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Beyond the disease of discrimination: a critical analysis of HIV-related stigma in KTC, Cape Town

Elizabeth Mills

University of Cape Town

CSSR Working Paper No. 100, December 2004

Posted with permission of the Centre for Social Science Research, University of Cape Town.
Further details on the work of the Centre can be obtained from:
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The aim of this paper is to explore the nature and dynamics of HIV-related stigma in the KTC with a view to understand the impact of stigma on the lives of HIV+ people and their social environment. This paper draws on qualitative research methods, including focus groups, interviews and participant observation. Research was conducted in KTC, a shack settlement in Cape Town, with a group of home-based carers, and their HIV-positive clients, in 2003 and 2004. The complex matrix of factors, like socio-economic and gender inequality, which perpetuate HIV-related stigma in the context of KTC, is explored through this paper. This paper argues that social networks in KTC can play both a constructive and destructive role in facilitating care, and HIV-related stigma respectively. Finally, the research and findings of this paper point to the need to shift away from the notion that stigma is experienced by the individual to a more multifaceted understanding of the impact of HIV-related stigma on the HIV+ individual’s social environment.

HIV is an epidemic of global proportions and at the same time it cuts into the heart of individual experiences of illness. In South Africa, despite significant changes that have taken place in the last eleven years of democracy (for example the transformation of the public health care system), people are still dying of AIDS-related illnesses when they could be living healthy lives with the assistance of antiretroviral treatment and adequate food. Another significant aspect of the HIV epidemic, nationally and internationally, is the extent to which individuals and their families are affected by stigmatising discourses and behaviours.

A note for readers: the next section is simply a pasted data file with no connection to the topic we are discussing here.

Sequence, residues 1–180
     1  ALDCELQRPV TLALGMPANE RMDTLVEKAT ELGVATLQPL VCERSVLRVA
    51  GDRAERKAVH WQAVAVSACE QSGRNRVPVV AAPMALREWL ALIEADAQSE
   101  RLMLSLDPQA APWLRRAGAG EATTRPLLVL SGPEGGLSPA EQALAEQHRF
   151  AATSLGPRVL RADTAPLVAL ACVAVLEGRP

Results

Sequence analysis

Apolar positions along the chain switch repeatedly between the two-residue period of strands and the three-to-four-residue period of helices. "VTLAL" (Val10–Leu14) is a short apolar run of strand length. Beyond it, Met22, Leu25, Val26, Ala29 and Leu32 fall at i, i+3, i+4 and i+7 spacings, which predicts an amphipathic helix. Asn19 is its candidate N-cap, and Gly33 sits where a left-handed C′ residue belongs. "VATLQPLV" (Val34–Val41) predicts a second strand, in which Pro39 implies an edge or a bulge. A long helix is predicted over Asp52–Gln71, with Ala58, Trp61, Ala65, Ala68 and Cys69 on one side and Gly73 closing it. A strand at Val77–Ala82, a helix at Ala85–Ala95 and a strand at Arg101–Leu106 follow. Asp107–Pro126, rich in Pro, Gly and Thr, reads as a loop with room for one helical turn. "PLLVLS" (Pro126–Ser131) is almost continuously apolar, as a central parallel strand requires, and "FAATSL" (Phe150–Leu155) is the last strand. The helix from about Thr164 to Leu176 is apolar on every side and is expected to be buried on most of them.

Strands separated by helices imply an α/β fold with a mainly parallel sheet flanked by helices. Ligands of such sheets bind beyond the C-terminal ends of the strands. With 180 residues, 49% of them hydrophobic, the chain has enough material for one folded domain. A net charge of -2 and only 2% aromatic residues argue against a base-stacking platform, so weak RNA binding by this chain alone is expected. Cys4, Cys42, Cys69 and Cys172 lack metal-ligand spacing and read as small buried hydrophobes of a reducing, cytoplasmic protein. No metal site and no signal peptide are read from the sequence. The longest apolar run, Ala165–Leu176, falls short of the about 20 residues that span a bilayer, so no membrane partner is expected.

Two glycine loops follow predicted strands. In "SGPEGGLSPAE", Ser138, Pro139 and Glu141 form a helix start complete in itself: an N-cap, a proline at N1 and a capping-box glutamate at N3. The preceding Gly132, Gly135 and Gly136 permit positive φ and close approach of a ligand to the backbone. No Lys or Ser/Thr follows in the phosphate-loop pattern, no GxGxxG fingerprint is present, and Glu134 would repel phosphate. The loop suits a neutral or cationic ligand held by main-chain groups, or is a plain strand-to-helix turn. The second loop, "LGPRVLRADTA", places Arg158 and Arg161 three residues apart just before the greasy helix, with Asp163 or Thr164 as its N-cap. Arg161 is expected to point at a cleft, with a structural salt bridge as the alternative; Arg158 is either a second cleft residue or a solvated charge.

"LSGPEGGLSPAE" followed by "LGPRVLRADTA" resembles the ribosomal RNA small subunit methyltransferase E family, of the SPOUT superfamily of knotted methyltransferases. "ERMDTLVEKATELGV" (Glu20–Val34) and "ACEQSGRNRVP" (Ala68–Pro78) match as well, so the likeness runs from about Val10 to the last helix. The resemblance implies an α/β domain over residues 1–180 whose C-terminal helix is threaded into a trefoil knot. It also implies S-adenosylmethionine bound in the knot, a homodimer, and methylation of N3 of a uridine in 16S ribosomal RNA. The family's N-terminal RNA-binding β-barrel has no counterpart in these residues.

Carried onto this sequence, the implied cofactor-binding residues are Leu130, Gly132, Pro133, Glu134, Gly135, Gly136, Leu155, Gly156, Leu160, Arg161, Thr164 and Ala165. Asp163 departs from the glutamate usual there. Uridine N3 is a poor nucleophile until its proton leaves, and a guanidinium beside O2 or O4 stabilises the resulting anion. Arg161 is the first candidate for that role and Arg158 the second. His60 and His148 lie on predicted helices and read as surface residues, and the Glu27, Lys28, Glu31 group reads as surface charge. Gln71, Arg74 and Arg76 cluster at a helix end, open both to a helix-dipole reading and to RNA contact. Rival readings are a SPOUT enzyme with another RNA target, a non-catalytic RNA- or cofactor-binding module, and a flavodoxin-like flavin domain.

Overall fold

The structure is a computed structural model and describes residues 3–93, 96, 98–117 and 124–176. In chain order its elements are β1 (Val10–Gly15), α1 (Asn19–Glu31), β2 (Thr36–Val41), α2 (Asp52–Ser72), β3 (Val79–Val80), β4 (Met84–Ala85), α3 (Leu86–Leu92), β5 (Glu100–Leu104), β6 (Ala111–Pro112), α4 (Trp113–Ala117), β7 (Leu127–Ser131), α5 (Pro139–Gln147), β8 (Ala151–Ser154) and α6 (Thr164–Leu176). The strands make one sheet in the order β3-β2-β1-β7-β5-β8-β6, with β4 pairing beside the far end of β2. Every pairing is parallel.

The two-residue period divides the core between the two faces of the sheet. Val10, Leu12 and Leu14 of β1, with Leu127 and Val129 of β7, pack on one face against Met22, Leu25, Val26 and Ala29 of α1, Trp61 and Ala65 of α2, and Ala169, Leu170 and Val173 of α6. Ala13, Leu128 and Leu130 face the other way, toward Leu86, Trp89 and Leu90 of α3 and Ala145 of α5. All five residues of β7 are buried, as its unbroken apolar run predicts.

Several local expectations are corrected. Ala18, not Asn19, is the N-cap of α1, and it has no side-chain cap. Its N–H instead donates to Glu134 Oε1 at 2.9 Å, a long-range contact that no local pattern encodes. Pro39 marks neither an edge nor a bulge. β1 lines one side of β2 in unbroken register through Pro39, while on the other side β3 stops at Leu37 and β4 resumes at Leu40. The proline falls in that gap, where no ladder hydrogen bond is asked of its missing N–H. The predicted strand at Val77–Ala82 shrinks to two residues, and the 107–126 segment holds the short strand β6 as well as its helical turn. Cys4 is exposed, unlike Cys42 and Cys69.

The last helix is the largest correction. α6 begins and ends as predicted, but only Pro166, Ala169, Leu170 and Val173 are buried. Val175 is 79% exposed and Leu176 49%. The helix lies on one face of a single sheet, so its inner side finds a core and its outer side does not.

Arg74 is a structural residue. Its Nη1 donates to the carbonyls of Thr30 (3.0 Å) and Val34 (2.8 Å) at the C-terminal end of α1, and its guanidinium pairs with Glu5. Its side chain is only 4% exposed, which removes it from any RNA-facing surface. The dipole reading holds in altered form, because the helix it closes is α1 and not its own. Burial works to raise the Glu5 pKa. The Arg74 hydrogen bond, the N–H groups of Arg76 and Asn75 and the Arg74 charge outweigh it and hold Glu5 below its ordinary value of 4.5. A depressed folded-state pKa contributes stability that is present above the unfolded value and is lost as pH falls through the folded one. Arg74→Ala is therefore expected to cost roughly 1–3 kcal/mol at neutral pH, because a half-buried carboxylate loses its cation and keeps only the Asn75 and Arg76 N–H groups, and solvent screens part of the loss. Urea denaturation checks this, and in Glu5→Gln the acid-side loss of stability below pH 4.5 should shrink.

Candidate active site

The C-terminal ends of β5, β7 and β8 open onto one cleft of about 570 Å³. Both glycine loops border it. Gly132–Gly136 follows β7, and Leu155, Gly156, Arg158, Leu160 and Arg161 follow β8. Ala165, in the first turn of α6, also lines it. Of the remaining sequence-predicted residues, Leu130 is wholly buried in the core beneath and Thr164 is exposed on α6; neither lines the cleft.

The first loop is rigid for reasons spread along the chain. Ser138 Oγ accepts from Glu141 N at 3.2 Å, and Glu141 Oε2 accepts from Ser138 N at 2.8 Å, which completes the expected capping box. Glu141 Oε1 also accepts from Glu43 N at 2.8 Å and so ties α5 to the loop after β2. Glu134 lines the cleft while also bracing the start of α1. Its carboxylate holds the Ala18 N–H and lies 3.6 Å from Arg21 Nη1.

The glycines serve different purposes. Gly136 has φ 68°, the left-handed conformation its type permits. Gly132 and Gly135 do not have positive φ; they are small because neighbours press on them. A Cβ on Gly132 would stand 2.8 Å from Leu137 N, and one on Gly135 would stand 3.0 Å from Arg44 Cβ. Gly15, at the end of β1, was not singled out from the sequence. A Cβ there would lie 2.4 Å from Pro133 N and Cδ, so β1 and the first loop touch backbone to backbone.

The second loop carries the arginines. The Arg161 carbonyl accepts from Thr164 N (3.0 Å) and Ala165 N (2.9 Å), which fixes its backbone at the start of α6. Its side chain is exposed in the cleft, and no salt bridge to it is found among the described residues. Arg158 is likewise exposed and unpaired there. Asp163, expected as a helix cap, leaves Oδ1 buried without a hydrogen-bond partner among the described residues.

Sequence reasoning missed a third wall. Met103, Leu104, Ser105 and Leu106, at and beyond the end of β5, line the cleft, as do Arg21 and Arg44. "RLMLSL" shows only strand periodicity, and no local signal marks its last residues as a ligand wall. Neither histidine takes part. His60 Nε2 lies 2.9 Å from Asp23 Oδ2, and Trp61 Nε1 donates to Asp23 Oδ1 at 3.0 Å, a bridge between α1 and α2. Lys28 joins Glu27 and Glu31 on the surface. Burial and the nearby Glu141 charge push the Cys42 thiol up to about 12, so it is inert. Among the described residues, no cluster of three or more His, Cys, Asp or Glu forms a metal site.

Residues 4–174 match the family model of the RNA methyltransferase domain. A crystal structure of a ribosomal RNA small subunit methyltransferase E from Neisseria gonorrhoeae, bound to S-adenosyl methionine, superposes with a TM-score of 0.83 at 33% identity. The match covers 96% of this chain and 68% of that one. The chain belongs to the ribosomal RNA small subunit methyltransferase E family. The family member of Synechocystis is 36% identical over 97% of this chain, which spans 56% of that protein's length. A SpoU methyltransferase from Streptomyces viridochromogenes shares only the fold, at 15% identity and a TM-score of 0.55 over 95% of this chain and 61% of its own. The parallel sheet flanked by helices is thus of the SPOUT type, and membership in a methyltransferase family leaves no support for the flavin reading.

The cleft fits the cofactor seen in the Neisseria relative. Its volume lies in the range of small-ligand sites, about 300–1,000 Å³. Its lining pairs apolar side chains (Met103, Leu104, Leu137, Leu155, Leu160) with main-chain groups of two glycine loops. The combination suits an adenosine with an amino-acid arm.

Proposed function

This paper aims to bring out some of the experiences of people living with HIV, or dying of AIDS-related illnesses in KTC, an informal shack settlement in Cape Town, South Africa. The research that forms the basis of this paper was conducted in 2003 and 2004 with a home-based care (HBC) organisation, called Luvuyolwethu. This organisation provides HBC for over 80 HIV+ people living in KTC. The experiences of both the carers and the clients of Luvuyolwethu form the basis of this critical exploration into the myriad ways in which the HIV epidemic plays out in the lives of HIV+ people and their families, and focuses particularly on the shape, derivation and consequences of HIV-related stigma in this area of South Africa.

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